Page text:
Paul Durcan's twenty-second collection finds Monsieur le Poète on the road in Paris, New York City, Chicago, Brisbane, and Achill Island, meditating upon the sanctuary of home and what it means to feel truly at home.
Regarded by many as the great poet of contemporary Ireland, Durcan is on top form here as he contemplates the fall of the Celtic Tiger, while railing against bankers and 'bonus boys'. There are poems of love lost and won, and poems in memory of friends and relatives who have passed on, but there is also joy to be found in the birth of a grandson, and there is praise, too, for the modest heroism of truckers, air traffic controllers and nurses, those 'slim, sturdy, buxom nourishers' of fallen mankind. If for Sartre 'hell is other people', for Durcan 'heaven is other people, especially women'.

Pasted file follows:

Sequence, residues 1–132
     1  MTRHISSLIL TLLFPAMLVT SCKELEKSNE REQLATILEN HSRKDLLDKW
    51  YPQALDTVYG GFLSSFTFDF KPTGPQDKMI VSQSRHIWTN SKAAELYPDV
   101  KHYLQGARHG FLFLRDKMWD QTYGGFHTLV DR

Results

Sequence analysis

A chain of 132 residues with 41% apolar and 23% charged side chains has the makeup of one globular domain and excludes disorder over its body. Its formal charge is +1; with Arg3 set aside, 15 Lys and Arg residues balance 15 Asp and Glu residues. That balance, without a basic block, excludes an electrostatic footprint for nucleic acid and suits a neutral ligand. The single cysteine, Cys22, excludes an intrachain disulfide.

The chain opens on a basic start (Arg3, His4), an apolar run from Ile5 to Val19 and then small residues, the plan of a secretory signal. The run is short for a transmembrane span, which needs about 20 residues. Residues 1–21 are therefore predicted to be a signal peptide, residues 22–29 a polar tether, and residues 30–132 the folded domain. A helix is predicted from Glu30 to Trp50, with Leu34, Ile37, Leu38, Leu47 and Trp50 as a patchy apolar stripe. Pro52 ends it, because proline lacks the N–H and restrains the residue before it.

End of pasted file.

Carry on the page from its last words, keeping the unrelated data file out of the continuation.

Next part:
A book filled with contemporary life, but the poems also have a way of evoking enduring human values, in all their odd tones and surprising textures, as much as the contemporary moment
Whatever the subject, venue or city, and no matter how bitter the moment, Durcan has wit, charm and spark. Poetry is his – and our – rescuer... These poems are a pleasure to read
A poetry of encounter, of sidelong glances and exuberant strangeness. There will be many pleasures here for Durcan fans and aficionados
Superbly composed, uneasy, desperately witty and often startling… At his best, which he often surpasses in this book, he produces what blue, green and red make when mixed: a pure white light, the noble glow of true praise. In contemporary literature, and not just Irish poetry, Durcan is flying high. Noble may yet become Nobel
One of the few genuinely popular poets of recent decades, a vital presence in Irish culture...entertaining, edgy, and with enough ironic self-awareness to make from such quirky subjects more than superficial reflections on his life and times. Durcan is the recording angel who preserves what could be lost, who brings tidings of change in some of the darker moments of history